We must educate and provide resources for medical students and institutions.
“I’ve been feeling bad since I had COVID. My chest pain is unbearable. It hurts so much. I wish I could have come earlier but I do not have health insurance. Please, tell me I’ll be okay. Please.”* I spoke these words in a sad tone, in pain, and with a hint of desperation. That is the job of an interpreter: to relay everything that is said by a patient. I embodied the patient’s feelings so that the team would understand her pain.
Interpreting is its own work of art—a theater where the interpreter is receiving the lines in live action and expected to act these lines immediately. Before you are able to process this, you begin to receive more lines and continue the play. Except the lines you are receiving are real words spoken by real patients who experience profound disease processes. Sometimes you interpret illness, pain, and grief, while other times you interpret happiness.
As you channel the grief and worry, you also unknowingly shoulder vicarious or secondary trauma. Secondary trauma is heightened by the interpretation practice of speaking in first-person.1 Vicarious trauma—interchangeably known as secondary trauma—happens to clinicians, interpreters, and medical students who absorb their patient’s traumatic experiences, words, and feelings.2 Vicarious trauma can be painful and transformative. The symptoms of secondary trauma include reimagining the traumatic event, intrusive thoughts, irritability, and generalized anxiety, among other posttraumatic stress disorder (PTSD)-like symptoms.1 The lack of experience and the increased exposure to patients’ stories make medical students more vulnerable to secondary traumatic stress.1
As a medical student without professional interpreter training, I act as an ad-hoc interpreter. Many times, in the health care setting, this can be for a family member, a medical assistant, nursing staff, and medical students. I started interpreting for my mother when I was about 9 years old. This was when she injured her shoulder and had several doctor appointments and a surgery. Being an ad-hoc interpreter and a language broker is a very common phenomenon for Latino immigrant children.3 For most of us, interpreting for our loved ones was what exposed us to the medical field. Some of us had great experiences, and others were fueled by injustice. We hoped our culture, language, and narratives would lead to better health care outcomes for our Latinx community.
However, many of us found ourselves regressing to ad-hoc interpreters during our clinical rotations. Several studies have shown that medical students also experience vicarious trauma on the wards.1 We may experience grief, anger, shock, or sadness during rotations, especially when we lose a patient. What happens to the medical students who serve in both roles? And why is this so important? From what I have seen, the majority of my colleagues who are bilingual medical students and serve as ad-hoc interpreters come from communities that are underrepresented in medicine (URiM). We already know that URiM students experience structural barriers and racism. Many are the first in their family to go to medical school. What if URiM medical students also bear emotional vicarious trauma as interpreters?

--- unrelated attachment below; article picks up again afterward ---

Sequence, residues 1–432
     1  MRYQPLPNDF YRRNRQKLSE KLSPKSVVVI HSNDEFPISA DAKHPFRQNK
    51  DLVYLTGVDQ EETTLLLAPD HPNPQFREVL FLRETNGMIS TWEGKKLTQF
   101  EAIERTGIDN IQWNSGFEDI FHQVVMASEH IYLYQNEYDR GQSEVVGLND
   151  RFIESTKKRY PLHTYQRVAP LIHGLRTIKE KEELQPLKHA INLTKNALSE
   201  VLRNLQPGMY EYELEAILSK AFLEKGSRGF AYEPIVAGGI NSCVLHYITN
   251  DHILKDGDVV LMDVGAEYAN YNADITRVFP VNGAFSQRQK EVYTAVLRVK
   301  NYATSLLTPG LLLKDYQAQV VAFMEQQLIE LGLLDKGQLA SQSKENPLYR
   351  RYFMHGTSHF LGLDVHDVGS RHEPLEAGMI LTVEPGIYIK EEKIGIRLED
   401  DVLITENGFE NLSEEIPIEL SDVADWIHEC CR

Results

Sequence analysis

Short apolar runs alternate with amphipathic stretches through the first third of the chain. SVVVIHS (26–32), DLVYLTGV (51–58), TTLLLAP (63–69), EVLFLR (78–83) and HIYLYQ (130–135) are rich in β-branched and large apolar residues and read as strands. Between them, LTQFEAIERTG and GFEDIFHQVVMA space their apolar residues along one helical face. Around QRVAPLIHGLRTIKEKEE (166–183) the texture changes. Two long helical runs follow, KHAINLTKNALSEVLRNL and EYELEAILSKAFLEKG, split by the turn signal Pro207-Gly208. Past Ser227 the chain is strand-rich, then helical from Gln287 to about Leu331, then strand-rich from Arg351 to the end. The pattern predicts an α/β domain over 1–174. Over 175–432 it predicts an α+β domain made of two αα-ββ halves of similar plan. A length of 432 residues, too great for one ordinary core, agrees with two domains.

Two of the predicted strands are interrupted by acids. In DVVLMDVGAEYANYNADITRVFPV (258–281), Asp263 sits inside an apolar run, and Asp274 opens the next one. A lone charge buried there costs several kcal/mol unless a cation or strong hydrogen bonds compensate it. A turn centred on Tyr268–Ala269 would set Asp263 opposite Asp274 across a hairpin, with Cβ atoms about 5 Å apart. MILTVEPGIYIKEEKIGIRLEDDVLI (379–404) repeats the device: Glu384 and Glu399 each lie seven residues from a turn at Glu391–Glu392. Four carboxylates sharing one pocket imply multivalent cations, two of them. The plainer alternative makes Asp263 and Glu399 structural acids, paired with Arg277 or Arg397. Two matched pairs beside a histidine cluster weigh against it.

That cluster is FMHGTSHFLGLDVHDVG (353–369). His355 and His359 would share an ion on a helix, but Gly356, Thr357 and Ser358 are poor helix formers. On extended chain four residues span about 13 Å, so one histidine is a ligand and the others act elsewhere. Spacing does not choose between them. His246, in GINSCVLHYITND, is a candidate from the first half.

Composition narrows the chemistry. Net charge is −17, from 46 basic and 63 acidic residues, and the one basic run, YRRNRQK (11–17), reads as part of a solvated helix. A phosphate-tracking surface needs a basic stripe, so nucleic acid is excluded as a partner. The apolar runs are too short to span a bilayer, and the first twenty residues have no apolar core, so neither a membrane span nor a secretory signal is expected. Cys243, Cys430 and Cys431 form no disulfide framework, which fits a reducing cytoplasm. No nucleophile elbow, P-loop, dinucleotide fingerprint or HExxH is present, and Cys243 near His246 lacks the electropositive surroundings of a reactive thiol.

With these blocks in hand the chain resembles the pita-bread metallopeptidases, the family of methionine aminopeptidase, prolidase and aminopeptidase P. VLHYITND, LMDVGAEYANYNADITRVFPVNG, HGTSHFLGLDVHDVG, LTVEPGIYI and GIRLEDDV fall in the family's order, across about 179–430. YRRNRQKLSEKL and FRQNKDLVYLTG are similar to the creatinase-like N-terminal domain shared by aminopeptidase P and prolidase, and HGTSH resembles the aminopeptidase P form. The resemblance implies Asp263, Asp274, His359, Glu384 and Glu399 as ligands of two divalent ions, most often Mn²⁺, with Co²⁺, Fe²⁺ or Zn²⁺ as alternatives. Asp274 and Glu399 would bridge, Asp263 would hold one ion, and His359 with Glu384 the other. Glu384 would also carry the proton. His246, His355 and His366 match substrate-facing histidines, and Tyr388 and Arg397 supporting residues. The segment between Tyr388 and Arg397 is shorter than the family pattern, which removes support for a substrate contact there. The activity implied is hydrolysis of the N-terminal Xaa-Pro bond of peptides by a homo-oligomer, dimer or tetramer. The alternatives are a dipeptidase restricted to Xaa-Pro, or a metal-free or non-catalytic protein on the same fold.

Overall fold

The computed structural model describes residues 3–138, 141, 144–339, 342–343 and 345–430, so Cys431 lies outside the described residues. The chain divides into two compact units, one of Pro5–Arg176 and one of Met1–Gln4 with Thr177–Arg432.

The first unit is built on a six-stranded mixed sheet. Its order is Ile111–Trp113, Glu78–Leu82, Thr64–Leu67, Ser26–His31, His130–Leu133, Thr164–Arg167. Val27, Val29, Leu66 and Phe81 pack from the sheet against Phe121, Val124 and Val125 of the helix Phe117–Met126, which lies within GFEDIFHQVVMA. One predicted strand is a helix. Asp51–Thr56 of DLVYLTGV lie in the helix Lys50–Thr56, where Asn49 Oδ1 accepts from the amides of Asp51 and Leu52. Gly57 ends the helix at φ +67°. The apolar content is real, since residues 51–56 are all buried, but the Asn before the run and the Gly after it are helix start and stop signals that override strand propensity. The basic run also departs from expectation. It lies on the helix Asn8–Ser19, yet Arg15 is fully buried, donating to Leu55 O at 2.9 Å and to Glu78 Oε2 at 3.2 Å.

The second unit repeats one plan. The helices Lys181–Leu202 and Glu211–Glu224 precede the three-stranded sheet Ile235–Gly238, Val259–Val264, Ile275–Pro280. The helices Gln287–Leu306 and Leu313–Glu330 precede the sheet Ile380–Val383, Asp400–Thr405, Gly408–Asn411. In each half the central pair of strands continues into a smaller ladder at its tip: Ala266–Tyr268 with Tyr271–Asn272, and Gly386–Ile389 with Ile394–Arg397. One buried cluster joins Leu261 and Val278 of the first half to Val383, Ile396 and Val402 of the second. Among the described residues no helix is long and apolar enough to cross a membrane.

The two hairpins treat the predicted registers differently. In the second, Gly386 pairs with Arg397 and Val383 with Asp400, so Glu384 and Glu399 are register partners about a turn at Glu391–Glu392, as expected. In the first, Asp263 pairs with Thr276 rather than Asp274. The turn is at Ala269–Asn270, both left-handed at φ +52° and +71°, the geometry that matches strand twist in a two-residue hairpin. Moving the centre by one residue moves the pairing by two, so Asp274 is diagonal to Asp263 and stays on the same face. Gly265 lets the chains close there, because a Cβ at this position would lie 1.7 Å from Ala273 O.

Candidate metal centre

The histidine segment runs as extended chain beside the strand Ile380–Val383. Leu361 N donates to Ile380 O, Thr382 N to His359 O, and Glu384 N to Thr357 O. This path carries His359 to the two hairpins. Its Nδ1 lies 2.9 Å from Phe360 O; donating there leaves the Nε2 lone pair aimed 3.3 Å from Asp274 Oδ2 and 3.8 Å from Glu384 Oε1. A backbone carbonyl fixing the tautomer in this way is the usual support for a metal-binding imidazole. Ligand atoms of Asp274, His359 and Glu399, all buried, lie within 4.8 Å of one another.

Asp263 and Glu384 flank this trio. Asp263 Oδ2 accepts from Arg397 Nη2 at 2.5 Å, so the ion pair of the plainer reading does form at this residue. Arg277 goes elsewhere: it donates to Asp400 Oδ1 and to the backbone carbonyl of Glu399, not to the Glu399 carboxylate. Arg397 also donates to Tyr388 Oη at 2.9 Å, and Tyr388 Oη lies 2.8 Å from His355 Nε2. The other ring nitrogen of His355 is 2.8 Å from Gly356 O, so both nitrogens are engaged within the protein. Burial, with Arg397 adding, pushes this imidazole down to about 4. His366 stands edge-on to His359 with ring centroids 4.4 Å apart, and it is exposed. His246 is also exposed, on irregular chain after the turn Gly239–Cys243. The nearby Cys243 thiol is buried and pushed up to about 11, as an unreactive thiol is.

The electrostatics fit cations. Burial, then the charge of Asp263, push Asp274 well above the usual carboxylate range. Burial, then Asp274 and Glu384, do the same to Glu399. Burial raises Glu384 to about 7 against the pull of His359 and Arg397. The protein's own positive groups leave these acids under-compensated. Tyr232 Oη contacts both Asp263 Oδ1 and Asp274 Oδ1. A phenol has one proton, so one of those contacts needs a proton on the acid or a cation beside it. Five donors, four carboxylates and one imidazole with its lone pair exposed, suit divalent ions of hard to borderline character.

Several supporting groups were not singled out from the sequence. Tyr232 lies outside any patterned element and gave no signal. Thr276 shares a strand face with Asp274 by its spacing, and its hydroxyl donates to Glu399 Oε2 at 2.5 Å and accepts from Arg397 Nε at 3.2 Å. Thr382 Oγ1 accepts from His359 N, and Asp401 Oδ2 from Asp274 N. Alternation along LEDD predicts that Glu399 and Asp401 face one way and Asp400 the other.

Personally, it is through my own therapy that I have gained insight and have been able to process the emotional vicarious trauma I experienced in the wards. It is through my own therapy that I was able to recognize that my role as an ad-hoc interpreter was also triggering my previous trauma as a child ad-hoc interpreter for my mother during her doctor appointments.
It is imperative that physicians, health care workers, and other professionals acknowledge the vicarious trauma that medical students may experience while ad-hoc interpreting and therefore opt to use professional interpreters instead.4 Health care teams may allow medical students to talk to their patients in their native language. However, medical schools and institutions should have clear guidelines, language assessments, and support for students who choose to interpret for LEP patients.5 It is also important that medical students who act as ad-hoc interpreters receive therapy services and workshops on vicarious trauma, and become informed on how to set boundaries with their teams. The work, most importantly, should be on institutions to provide these resources and emphasize their importance for the well-being of doctors in training.
*Patient quote has been altered to protect patient privacy.
Ms Mendoza is a medical student in the Program in Medical Education for the Latino Community (PRIME-LC) at the University of California, Irvine (UCI) School of Medicine. She is the co-founder and co-chair of the Child and Adolescent Psychiatry Interest Group at UCI and an. advocate for diversity in mental health. She is currently working on a qualitative research project with Violeta Osegueda PGY-1 at UCLA/VA Psychiatry on this very important topic.
1. Crumpei I, Dafinoiu I. Secondary traumatic stress in medical students. Procedia Soc Behav Sci. 2012;46:1465-1469.
2. McCann IL, Pearlman LA. Vicarious traumatization: a framework for understanding the psychological effects of working with victims. J Trauma Stress. 1990;3:131-149.
3. Kam JA, Lazarevic V. The stressful (and not so stressful) nature of language brokering: identifying when brokering functions as a cultural stressor for Latino immigrant children in early adolescence. J Youth Adolesc. 2014;43(12):1994-2011.
4. Paradise RK, Hatch M, Quessa A, et al. Reducing the use of ad hoc interpreters at a safety-net health care system. Jt Comm J Qual Patient Saf. 2019;45(6):397-405
5. Vela MB, Fritz C, Press VG, Girotti J. Medical students' experiences and perspectives on interpreting for LEP patients at two US medical schools. J Racial Ethn Health Disparities. 2016;3(2):245-249.